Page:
Four out of five adviser firms expect the new pension freedoms to provide a significant boost to business, according to a survey of Intelliflo’s Intelligent Office users, despite the Financial Conduct Authority stating it is unsure how much advisers will benefit from the new freedoms.
Carried out during February and March, with a sample size of 176, the poll found that 55 per cent believe it will stimulate an upturn of between 5 and 20 per cent, while almost 18 per cent predict a business uplift of between 20 and 50 per cent.
Based on adviser data published by the Association of Professional Financial Advisers for 2013, Intelliflo estimates that a 20 per cent increase in business would equate to around £765m of additional revenue across all UK advisers.
The software provider’s previous survey in November last year showed almost three quarters of respondents believed that many or some of their clients would be interested in taking all their money out of pensions, with more than a quarter saying it will be of interest to many.
At the time, 40 per cent reported they had already experienced increased business for their firm as a direct result of the government’s proposed new pension rules.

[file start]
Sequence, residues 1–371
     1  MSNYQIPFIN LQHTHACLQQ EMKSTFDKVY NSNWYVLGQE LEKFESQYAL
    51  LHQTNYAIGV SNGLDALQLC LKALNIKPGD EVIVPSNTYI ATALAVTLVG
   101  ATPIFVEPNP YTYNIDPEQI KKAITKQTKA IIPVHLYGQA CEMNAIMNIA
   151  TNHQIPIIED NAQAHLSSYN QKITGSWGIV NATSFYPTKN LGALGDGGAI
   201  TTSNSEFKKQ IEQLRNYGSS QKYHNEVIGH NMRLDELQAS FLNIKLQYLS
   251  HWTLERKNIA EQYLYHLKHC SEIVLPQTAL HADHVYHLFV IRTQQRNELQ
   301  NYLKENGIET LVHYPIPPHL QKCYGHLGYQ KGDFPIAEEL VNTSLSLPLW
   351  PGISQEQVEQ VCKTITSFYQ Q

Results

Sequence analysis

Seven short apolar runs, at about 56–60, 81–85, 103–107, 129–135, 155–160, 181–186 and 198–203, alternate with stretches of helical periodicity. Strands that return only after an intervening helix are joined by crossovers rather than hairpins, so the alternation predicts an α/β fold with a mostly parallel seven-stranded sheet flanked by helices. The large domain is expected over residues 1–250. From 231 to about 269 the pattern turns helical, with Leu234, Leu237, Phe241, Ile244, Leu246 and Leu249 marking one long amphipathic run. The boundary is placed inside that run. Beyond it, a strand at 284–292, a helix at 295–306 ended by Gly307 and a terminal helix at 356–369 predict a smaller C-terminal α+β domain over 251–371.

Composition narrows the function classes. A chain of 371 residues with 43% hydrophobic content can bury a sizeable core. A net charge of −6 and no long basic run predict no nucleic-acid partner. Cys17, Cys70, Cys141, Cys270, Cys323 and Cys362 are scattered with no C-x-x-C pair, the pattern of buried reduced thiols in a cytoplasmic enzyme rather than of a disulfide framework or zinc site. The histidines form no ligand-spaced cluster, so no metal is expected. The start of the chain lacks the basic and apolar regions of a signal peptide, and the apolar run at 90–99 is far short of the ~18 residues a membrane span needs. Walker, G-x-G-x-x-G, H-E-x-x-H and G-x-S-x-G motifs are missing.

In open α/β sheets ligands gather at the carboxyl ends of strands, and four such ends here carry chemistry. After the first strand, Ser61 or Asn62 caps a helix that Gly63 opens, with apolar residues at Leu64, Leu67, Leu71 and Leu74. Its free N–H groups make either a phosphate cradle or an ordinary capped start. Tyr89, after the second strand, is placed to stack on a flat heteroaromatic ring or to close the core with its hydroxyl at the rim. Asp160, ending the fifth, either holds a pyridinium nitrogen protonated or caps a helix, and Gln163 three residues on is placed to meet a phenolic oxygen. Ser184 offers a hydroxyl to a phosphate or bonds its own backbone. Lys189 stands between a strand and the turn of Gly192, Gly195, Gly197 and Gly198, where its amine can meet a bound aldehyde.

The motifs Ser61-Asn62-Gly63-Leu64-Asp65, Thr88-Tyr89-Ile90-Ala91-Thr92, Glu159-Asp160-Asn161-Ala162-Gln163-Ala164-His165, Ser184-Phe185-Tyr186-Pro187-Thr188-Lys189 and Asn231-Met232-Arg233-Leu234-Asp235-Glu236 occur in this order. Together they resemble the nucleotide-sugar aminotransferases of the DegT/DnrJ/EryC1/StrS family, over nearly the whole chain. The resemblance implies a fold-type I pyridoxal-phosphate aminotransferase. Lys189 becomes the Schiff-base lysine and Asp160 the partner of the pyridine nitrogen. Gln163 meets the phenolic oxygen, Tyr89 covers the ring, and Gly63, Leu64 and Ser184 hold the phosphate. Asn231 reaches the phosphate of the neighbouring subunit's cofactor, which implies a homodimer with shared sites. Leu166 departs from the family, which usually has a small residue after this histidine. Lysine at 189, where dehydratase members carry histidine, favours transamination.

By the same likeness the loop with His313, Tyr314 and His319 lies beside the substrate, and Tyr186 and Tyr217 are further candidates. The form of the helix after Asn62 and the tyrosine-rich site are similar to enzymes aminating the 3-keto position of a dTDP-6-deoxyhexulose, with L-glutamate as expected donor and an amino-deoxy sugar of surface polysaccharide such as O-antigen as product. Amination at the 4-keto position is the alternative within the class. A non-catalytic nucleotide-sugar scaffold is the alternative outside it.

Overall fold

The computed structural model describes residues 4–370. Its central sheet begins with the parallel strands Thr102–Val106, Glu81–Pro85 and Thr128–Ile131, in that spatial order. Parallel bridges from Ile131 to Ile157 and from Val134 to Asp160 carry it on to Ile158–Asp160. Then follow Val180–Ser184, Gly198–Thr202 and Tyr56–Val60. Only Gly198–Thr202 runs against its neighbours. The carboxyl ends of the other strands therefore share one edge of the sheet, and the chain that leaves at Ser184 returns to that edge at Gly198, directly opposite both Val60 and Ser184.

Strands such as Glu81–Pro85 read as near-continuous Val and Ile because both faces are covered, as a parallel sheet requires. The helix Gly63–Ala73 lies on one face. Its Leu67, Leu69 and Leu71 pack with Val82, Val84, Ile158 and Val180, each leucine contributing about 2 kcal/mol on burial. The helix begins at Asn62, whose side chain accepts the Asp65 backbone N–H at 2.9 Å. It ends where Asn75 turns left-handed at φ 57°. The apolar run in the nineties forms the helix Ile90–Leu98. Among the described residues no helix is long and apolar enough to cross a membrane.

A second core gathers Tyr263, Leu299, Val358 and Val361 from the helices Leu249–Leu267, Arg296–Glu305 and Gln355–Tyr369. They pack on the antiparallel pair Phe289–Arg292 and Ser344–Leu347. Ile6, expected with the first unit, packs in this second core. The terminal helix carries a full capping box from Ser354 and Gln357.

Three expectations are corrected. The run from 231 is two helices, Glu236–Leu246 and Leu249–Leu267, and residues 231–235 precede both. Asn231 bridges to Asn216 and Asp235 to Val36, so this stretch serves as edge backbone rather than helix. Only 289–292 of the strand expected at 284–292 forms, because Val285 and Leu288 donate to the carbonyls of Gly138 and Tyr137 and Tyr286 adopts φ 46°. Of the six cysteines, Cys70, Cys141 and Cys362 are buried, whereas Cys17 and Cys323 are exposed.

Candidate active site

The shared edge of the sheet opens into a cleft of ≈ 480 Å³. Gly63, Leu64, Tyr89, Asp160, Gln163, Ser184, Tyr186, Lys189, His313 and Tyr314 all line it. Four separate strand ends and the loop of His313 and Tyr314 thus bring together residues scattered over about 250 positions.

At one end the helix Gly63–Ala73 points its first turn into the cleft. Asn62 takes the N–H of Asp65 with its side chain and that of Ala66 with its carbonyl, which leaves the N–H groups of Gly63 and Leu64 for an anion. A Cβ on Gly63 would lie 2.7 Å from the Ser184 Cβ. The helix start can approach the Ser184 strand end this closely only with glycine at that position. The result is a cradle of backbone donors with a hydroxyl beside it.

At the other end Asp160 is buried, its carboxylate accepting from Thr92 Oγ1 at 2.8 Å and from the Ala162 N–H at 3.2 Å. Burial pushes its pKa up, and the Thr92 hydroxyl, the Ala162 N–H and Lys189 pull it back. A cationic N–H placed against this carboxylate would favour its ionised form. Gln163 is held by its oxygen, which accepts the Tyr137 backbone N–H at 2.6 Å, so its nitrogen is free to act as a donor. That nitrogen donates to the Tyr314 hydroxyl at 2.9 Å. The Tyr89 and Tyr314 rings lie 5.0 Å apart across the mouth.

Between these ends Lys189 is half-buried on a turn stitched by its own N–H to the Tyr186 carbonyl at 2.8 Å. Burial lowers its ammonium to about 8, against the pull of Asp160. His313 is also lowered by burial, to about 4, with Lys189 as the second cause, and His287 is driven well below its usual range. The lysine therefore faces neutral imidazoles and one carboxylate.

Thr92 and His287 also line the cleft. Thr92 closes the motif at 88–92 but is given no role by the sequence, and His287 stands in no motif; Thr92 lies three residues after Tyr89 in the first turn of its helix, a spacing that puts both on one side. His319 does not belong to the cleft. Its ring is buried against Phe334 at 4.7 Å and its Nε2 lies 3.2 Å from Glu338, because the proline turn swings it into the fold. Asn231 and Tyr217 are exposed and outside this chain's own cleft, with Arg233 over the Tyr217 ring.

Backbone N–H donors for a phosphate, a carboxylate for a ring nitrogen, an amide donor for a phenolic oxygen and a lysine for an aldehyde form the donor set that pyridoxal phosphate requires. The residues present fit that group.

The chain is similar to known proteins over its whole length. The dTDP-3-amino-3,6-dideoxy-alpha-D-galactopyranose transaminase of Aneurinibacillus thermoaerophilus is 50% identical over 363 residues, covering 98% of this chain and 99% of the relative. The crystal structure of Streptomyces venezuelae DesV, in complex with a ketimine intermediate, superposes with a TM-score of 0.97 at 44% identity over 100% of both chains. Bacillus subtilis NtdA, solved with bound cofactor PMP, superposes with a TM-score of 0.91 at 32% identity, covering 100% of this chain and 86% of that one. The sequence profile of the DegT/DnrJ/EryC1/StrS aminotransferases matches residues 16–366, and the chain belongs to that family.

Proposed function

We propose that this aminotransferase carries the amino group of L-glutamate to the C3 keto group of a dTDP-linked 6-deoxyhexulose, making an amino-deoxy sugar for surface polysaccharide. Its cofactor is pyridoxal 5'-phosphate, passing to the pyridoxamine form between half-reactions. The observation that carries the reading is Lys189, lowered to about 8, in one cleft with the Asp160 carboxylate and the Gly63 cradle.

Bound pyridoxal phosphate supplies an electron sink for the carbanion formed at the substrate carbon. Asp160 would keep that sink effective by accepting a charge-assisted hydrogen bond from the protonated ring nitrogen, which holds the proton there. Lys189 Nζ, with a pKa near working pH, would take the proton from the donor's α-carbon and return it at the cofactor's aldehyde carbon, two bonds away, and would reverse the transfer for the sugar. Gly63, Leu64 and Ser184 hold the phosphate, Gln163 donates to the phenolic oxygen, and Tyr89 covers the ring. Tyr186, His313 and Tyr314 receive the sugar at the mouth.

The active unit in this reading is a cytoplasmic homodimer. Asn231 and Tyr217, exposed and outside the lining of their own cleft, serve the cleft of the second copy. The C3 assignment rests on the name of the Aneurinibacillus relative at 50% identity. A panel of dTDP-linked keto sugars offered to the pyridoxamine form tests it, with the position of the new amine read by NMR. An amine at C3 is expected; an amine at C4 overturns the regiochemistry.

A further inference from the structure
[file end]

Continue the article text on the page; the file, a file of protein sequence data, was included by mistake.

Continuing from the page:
In November last year, the FCA revealed that advisers will only pay 12 per cent towards the guidance guarantee, while deposit acceptors, life insurers, portfolio managers, and managers of collective investment schemes or pension schemes will all pay 22 per cent each.
The regulator said at the time, an equal allocation across the four product provider fee blocks is a “reasonable starting position”, adding the discount to advisers is being given as firms will only benefit if consumers go on to seek financial advice.
Nick Eatock, Intelliflo’s executive chairman, commented that the latest results show optimism in the adviser community.
“However, just a few months ago we found that many are also concerned that some of their clients may not be able to resist the opportunity to dip into their pension savings, leaving them with reduced funds to provide adequate investment to fund later life.
“It’s going to be interesting to see how advisers and their clients rise to the challenges that the new rules will inevitably present.”